Fox Is Just Asking: “Are Female Breadwinners A Problem?”

Fox News tackled what it called the growing “problem” of female breadwinners, apparently jumping off a May 2013 Pew Research study finding a quarter of women outearn their husbands.

“Are female breadwinners a problem?” the network asked during the May 4 edition of Fox & Friends Sunday, promising “a debate about alpha women.” Co-host Clayton Morris emphasized that he understood the “cultural argument” against female breadwinners, and expressed concern that the problem is rooted in the deeper, “biological, innate need for men to be the caveman”:  

MORRIS: Is there a problem with men earning less than women in the household, and do you think that it could throw off -- that it actually could cause big marital problems?


I get the cultural argument, guys. I mean, I can see how -- we can all weave our way through cultural issues. But isn't there some sort of biological, innate need for men to be the caveman? Go out and bring home the dinner and actually go out -- Is it emasculating if we don't do it?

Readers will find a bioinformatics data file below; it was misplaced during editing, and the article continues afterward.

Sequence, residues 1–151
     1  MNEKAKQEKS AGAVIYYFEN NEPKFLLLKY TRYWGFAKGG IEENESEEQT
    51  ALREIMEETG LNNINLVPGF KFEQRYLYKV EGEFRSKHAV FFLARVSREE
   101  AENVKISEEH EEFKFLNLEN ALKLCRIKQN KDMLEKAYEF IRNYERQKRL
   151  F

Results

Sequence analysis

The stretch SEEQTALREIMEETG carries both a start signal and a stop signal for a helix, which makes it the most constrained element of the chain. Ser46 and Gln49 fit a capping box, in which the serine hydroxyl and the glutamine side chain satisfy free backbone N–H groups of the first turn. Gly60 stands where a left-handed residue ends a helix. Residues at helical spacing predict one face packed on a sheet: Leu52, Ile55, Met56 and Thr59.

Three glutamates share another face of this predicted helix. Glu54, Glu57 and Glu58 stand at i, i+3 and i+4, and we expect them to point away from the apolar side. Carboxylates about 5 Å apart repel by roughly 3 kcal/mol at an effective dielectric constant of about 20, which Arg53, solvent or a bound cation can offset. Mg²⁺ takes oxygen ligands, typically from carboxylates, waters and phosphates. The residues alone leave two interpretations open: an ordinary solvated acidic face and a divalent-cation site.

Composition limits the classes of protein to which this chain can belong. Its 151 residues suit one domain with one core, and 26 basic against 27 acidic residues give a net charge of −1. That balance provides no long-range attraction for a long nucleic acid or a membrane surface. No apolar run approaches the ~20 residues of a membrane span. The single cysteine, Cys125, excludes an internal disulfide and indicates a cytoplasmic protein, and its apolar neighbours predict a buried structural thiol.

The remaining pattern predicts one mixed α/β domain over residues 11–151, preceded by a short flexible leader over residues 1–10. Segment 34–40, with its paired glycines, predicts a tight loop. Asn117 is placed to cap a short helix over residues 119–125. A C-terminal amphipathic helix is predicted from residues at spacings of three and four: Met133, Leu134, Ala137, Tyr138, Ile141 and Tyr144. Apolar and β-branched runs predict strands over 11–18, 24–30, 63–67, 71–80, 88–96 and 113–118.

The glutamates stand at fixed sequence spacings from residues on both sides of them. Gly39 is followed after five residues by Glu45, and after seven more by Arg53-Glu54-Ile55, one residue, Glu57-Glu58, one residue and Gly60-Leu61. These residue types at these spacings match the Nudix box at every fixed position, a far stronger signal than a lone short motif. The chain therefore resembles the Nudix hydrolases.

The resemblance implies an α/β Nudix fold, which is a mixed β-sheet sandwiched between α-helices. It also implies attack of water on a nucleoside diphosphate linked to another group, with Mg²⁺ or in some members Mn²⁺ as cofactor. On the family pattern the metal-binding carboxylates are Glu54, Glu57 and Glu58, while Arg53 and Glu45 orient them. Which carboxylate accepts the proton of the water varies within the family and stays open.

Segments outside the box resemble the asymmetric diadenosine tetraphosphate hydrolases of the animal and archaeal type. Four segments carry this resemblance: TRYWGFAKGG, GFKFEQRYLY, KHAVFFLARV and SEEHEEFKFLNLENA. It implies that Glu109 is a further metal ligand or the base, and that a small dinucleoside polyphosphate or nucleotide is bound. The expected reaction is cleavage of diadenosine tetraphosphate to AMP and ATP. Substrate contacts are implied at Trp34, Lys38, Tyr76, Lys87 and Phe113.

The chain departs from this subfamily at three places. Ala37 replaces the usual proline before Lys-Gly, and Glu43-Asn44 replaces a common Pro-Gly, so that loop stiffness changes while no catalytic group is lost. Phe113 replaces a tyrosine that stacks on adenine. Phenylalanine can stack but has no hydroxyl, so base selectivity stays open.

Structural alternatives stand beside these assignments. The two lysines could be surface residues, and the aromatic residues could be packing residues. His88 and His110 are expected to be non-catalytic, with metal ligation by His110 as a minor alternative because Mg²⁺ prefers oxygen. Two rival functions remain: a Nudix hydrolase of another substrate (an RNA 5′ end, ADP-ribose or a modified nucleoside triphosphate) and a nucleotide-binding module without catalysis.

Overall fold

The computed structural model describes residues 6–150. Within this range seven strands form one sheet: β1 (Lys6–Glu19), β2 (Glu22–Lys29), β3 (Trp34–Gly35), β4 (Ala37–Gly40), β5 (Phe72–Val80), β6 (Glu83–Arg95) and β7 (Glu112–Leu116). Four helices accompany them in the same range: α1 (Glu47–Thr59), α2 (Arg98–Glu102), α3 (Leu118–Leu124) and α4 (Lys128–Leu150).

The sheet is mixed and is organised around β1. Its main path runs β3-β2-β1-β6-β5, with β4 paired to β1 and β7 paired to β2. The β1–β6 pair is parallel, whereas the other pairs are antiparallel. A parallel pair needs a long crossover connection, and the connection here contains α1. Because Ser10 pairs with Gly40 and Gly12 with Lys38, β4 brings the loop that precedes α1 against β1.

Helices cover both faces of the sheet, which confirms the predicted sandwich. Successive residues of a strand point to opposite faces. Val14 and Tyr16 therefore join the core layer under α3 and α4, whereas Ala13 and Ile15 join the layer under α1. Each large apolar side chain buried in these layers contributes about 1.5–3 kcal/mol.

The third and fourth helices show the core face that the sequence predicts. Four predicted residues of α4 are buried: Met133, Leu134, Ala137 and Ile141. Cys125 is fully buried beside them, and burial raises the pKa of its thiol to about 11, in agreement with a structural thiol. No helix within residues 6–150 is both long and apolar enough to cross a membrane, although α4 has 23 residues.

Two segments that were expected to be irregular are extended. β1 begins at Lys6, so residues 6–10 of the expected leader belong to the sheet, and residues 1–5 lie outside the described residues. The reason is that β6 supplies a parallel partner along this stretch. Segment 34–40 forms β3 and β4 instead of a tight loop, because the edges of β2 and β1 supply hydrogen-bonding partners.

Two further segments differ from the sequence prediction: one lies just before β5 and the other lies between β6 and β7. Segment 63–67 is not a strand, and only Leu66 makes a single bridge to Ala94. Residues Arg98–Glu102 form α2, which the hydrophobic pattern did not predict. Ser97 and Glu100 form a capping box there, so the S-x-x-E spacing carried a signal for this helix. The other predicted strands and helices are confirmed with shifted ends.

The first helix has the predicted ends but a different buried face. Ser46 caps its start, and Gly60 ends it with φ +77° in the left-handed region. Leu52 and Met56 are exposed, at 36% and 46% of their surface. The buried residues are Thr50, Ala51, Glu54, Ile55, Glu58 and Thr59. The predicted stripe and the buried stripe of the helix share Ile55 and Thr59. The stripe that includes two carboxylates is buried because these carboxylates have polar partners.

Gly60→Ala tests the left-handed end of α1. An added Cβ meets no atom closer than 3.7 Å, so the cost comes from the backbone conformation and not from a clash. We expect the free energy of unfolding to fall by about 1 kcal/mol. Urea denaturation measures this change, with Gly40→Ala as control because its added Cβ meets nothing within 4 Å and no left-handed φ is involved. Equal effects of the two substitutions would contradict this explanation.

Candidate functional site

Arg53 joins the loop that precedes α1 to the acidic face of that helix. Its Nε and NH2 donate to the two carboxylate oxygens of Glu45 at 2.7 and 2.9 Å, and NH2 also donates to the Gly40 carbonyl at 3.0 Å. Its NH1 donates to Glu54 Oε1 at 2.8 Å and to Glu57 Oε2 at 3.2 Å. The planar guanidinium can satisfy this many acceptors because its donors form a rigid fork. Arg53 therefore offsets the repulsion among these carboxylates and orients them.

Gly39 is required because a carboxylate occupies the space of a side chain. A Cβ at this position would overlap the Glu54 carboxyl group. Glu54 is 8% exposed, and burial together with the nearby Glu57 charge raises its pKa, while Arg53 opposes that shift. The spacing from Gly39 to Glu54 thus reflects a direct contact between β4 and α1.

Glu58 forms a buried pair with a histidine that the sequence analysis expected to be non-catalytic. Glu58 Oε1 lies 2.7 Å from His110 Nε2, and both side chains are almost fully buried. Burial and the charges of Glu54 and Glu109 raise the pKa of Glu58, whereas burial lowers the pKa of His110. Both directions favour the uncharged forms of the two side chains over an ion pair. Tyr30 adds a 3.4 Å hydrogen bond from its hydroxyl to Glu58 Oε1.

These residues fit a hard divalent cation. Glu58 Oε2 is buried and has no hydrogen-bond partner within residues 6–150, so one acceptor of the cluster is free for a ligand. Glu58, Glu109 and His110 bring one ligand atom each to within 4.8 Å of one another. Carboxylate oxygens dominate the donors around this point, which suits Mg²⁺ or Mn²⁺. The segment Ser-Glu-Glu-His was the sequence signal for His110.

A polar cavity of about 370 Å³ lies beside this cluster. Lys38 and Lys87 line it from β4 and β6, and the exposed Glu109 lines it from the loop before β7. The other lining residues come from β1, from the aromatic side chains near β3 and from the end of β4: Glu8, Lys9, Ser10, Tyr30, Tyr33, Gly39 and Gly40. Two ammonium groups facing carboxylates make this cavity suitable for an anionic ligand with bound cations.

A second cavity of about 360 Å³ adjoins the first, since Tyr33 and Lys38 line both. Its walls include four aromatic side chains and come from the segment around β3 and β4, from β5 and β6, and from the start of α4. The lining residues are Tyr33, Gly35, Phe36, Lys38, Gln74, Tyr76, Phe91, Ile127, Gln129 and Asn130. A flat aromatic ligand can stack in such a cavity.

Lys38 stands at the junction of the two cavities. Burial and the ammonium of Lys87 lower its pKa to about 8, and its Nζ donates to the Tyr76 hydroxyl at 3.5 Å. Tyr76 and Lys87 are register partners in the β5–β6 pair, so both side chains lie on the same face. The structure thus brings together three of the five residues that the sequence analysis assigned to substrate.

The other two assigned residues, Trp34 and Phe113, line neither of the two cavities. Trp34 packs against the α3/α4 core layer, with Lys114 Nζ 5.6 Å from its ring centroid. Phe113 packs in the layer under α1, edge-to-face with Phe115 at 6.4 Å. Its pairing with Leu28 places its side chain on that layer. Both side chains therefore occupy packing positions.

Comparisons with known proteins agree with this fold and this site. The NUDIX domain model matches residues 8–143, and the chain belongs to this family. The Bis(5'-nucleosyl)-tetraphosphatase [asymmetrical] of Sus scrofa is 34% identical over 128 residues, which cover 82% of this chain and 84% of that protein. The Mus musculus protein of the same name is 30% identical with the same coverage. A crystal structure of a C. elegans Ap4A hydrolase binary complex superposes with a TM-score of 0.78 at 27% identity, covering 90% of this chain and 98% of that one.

Morris went on to ask Miss New York USA 2013 Joanne Nosuchinsky if she would “lose respect” for a male partner who stayed at home taking care of kids and “doing the laundry.”

It's a topic the network has tackled before, much to the chagrin of its own female anchors.

Last May, Fox Business host Lou Dobbs infamously lamented that a rise in female breadwinners is “concerning and troubling,” suggestive of “society dissolv[ing] around us.” His panel of male contributors agreed; as Erick Erickson explained, “When you look at biology, look at the natural world, the roles of a male and female in society, and the other animals, the male typically is the dominant role.”

Men at Fox continued to justify their position that female breadwinners marked a breakdown in society even in the face of pushback from their female colleagues.

And it's a stance that makes sense for Fox -- the network has refused to acknowledge the gender wage gap, and often avoided or dismissed the validity of women's health and economic issues. After all, if professional women should take a back seat to men, it's much easier to view them as props and entertainment